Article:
Saturday, December 11, 2010
A Conversation with Donis Casey
Donis, you have some unusual titles for your Alafair Tucker mystery series. The series is obviously a humorous take on Western mysteries. How did the series come about?
Thanks, Jean. All my titles are taken from something that one of the characters says, which is often a well-known phrase of the period. When I decided to send the first novel around, I wanted an eye-catching title, but couldn’t come up with anything suitably ethnic. Until one evening when I was talking to my mother on the phone. I asked her about her colorful neighbor, and she replied, “I think that old buzzard has a girlfriend.” Voila! My country-raised mother had a penchant for using animals as descriptors--“that snake,” “he’s a dog,” etc.
There’s a lot of humor inherent in raising a bunch of kids, like my sleuth is doing, so I do have quite a bit of humor in the books. But I don’t think of the series as being comic. Rural Oklahoma in the 1910s was a tough place. Alafair and her husband Shaw have had more than their share of trouble and heartache.
Here is how the series came about: In 1999, after I closed my business and discovered I now had time to do research, I decided to write a family genealogy for my siblings as a Christmas present. In the course of the research, I ran across stories and anecdotes about ancestors, which led me to remember stories my grandparents and parents had told me about their parents and grandparents, and life on the farm. I began questioning my mother, and then to write down my own memories. When I shared my stories with my husband, he began to reminisce about his (extremely colorful) Oklahoma pioneering family. This led me to begin questioning his siblings. At the end of the process, I had a book length genealogy packed with stories from the French and Indian wars, the Revolution, the Civil War, World Wars I and II, ambushes, murders, adoptions, divorces and adultery — settlers and Indians, massacres, poisonings, axings, shootings, drownings, and smashing people in the head with beer bottles. In the end, I said to myself, “Donis, you have enough material here for ten books.”
Tell us about your background and how it influenced your writing.
I have written all my life. The first short story I wrote had to do with a little girl who turned into a cat. I was about six. My grandparents and parents were great spinners of yarns, so I came about my storytelling talents honestly. Of course, most writers are made from readers, and I was and am a voracious reader. My love of reading led me to become an English major in college, then an English teacher, and eventually a librarian with a specialty in U.S. government publication, which gave me a great background in American history.
Are your characters based on people you’ve known in Oklahoma?
Alafair and her family are all based on relatives of mine, living and dead. One of my great-grandmothers was named Alafair Wilson. Another was called Selinda Tucker. I interviewed many relatives for the series. Many of the details of Alafair’s life on the farm, such as using kerosine-soaked corn cobs to start a fire, come from my mother, who grew up on a farm during the Depression. Many of the incidents related actually happened, both in my family and my husband’s (the less savory ones, he points out).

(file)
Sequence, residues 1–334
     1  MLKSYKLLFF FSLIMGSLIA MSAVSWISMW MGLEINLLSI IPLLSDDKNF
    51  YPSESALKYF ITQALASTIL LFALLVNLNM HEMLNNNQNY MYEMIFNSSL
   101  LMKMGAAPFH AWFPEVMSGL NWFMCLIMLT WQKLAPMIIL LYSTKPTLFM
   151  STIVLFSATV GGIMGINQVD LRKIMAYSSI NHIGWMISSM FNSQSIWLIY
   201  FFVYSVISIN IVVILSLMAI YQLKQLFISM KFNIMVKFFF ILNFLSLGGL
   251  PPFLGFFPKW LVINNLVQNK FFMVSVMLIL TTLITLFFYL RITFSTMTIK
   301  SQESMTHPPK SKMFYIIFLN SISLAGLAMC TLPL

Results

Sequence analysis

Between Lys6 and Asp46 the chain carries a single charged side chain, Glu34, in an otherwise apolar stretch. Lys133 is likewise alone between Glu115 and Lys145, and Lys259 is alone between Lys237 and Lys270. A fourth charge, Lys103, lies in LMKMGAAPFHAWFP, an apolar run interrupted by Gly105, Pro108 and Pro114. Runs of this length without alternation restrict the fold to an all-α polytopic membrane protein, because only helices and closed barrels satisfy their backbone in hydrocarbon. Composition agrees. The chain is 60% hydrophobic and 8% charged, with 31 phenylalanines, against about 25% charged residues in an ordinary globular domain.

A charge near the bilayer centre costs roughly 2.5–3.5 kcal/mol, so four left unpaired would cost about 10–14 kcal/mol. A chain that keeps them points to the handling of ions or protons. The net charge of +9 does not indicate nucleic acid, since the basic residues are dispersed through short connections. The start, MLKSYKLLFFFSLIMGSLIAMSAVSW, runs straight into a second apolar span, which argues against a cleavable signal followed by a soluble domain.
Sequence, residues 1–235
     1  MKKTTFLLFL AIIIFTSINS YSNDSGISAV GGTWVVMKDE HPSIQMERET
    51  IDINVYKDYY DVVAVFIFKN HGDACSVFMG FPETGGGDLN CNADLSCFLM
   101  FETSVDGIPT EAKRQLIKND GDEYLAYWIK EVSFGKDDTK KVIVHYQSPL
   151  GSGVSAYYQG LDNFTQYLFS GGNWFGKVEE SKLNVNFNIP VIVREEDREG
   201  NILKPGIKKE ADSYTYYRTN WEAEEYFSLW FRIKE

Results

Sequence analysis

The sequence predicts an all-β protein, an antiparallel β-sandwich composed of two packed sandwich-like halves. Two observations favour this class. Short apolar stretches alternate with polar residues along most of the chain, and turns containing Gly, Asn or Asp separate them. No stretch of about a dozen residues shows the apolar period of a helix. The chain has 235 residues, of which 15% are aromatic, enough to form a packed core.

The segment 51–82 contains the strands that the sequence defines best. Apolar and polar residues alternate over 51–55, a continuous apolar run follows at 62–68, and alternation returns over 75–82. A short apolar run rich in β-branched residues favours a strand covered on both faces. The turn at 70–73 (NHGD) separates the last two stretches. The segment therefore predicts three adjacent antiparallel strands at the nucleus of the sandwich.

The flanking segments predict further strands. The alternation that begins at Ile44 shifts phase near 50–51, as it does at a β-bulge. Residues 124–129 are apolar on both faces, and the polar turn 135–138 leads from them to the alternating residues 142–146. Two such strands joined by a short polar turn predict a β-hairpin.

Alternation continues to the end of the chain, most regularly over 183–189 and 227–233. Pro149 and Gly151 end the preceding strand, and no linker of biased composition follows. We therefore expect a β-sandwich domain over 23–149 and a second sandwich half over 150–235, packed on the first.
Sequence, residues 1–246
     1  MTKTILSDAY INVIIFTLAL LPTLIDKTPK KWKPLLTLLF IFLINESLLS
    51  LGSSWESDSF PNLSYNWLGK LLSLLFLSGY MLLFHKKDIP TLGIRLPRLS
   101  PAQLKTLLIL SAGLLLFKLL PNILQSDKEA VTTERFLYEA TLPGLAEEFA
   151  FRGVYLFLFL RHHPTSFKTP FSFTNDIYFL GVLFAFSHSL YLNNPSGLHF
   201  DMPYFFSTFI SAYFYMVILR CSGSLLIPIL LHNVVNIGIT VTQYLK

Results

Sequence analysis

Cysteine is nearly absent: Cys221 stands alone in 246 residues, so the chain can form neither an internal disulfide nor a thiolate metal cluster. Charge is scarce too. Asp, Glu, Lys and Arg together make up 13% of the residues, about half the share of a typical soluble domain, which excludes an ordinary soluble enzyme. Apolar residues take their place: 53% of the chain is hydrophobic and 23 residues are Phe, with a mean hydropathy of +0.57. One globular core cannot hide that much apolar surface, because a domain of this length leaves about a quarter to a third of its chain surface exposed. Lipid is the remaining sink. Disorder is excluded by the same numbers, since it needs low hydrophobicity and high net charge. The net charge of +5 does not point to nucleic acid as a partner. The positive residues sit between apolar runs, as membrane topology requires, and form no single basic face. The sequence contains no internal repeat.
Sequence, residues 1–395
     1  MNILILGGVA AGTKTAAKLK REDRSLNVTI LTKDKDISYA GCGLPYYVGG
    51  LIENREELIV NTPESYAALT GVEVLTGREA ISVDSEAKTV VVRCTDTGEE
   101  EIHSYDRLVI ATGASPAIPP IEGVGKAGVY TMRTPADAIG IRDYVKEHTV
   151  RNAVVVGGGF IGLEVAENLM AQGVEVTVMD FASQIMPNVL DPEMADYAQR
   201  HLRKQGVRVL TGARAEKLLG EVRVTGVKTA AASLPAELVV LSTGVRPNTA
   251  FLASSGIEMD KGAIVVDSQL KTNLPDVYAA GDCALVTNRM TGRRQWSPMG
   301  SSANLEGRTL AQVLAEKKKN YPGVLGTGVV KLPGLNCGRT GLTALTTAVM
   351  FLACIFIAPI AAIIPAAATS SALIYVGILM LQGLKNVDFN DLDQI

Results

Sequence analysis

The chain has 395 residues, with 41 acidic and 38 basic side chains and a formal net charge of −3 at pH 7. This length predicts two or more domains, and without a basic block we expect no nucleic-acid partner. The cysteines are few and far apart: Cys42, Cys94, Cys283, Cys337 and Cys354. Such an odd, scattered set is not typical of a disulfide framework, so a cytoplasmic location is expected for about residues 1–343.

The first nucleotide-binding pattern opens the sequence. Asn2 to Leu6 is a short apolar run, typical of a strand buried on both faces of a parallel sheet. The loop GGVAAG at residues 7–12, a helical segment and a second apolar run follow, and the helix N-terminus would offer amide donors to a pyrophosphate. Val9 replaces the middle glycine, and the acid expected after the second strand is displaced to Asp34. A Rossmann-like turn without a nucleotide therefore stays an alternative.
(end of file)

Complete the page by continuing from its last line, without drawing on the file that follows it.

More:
Briefly tell us about Alafair Tucker.
My sleuth, Alafair Tucker, is a woman in her early forties who lives with her husband Shaw and their ten children on a prosperous farm in Muskogee County, Oklahoma, in the 1910s. She never sets out to solve murders, but all those pesky kids keep getting involved in unsavory situations, and need their mother to get them out of trouble. Fortunately for me, Alafair is the kind of woman who will literally do anything, legal or not so legal, for her kids.
There is nothing that irritates me more in a historical novel than a character who has modern sensibilities. So, as best as I can make her, Alafair is a woman of her times. She leads a life that is so busy that it wouldn’t be realistic if she could easily drop everything on a whim and go off to gather clues. But she has her army of grown and half-grown children to snoop for her, as well as her web of women relatives and friends who are willing to help. Her information network is better than the sheriff’s.
Which writer’s work influenced your own and why?
Though my Alafair series couldn’t be more different when it comes to time, place, and language, it is blatantly patterned after Ellis Peters’ Brother Cadfael books. Just like Peters’ series, I wanted mine to be centered around a warm-hearted sleuth with a lot of insight into human nature. I wanted to have a very strong sense of place and time in my books, which is something that particularly impressed me about Peters’ books. I’m also very much influenced by Mark Twain’s use of language.
What’s your writing schedule like? And do you strictly adhere to it?
Most of the time, I write in the afternoons. I long ago developed the habit of doing my chores and errands in the morning, before the Arizona heat is at its worst. I routinely take a break at about 3:00 for 15 or 20 minutes, to eat an apple, stretch, and maybe read something that has nothing to do with anything. However, if I’m on a roll, all bets are off. When I am on a deadline, I do set myself a goal of at least 1,000 words a day, about three pages. I often can do more. Sometimes eking out 1,000 words is torture.